Simplicitas, probitas, dignitas II: Francis I
Cardinal Jorge Mario Bergoglio of Buenos Aires is elected Pope Francis I, the first Francis, the first Argentinean, the first Latin American, the first non-European to be elected Pope since Gregory III, the 266th leader of the Roman Catholic Church after two days of deliberation in the Sistine Chapel.
Brothers and sisters, good evening...the first words of Pope Francis I.
One billion, two hundred million Roman Catholics have a new leader, his name chosen after Saint Francis of Assisi of Italy, member of the Jesuits, the largest Catholic order, and seen by many as being the perfect bridge between Europe and the New World, where the future of the Catholic Church lies through the evangelization of the faithful in Latin America, Africa, Oceania and Asia.
But Francis I was chosen by at least 77 of the 115 Cardinal electors not only for any strategic reasons, he was also chosen as an example to follow, being a man of great humility and simplicity, values treasured by the Emeritus Pope, Benedict XVI. The name of Francis I was proclaimed in Latin by the senior cardinal deacon of the Roman Catholic Church, the French Cardinal Jean Louis Tauran, ("Annuntio vobis gaudium magnum. Habemus Papam" ("I announce to you a great joy. We have a pope") after which Pope Francis I gave his first blessing to the crowd gathered in Saint Peter's Square and asked for the blessing of the people for his Papacy, his first gesture as the 265th successor to the apostle of Christ, Peter after praying in private in the Pauline Chapel, opposite the Sistine where he was elected.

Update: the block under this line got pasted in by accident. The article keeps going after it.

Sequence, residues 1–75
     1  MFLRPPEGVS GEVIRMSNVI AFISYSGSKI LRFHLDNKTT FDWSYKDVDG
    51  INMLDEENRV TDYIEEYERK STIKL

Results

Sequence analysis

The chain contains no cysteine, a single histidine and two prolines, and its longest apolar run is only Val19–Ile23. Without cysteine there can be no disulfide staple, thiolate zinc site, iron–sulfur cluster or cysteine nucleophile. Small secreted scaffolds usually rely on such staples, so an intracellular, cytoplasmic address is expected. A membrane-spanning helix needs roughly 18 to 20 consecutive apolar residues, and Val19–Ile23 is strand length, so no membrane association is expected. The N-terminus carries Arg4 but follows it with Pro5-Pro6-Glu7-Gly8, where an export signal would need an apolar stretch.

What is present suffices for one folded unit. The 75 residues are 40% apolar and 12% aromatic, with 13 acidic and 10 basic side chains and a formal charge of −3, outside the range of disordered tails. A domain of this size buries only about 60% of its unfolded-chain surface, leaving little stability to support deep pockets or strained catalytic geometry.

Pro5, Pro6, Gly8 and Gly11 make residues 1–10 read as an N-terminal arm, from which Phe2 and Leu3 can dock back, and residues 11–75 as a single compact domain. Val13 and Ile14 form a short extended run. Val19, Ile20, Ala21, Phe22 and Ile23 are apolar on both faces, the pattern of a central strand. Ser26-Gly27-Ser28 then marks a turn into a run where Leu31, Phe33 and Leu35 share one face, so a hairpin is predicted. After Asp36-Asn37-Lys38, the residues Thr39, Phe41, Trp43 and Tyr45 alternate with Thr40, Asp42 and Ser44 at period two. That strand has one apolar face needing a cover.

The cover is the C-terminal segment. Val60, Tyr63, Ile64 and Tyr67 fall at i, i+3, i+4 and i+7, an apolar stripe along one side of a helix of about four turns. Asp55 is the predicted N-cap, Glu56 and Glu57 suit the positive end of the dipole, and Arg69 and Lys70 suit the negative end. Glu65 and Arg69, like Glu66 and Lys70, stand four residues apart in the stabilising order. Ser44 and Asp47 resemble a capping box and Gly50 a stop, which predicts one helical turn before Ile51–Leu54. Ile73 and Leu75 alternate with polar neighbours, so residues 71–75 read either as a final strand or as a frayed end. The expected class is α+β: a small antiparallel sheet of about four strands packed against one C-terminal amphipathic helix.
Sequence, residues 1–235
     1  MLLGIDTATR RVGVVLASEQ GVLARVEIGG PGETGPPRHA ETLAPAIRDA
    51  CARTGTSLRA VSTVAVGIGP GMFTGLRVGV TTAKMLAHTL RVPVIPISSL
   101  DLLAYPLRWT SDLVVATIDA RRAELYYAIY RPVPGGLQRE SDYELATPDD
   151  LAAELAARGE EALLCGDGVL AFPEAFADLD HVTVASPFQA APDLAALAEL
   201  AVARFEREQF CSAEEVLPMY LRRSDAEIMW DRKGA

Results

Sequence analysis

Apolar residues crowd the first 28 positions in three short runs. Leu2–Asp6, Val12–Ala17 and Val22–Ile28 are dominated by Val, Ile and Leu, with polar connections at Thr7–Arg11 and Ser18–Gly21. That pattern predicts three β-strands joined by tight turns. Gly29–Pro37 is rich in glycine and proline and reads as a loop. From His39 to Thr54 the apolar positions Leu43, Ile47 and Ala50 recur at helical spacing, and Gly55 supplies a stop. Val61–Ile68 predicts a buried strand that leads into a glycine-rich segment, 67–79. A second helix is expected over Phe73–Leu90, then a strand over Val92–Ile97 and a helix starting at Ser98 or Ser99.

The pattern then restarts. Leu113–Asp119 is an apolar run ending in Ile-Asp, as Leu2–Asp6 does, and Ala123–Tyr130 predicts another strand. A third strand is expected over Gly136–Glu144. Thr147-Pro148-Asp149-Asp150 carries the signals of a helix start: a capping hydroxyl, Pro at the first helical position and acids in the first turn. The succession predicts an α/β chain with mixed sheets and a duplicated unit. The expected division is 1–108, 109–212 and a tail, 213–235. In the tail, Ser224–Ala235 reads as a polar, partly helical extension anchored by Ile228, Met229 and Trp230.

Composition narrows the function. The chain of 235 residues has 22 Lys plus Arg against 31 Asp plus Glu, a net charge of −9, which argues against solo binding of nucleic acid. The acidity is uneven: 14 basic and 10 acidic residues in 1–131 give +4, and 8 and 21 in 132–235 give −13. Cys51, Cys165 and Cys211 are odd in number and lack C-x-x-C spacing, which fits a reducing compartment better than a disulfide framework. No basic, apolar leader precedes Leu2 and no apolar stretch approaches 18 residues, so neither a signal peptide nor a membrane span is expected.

Simplicitas, probitas, dignitas II: Francis I*, seventy-six years old, born as Jorge Mario Bergoglio on 17 December 1936, is the first non-European Pope elected since Gregory III (Syrian) in the eighth century.
A reformer and a conservative, Francis I, Archbishop of Buenos Aires since 1998, will stand for traditional Catholic values against gay marriage, considering it "an attempt to destroy God's plan". He will also continue the work of Benedict XVI, at whose election he is widely believed to have been the runner-up in 2005.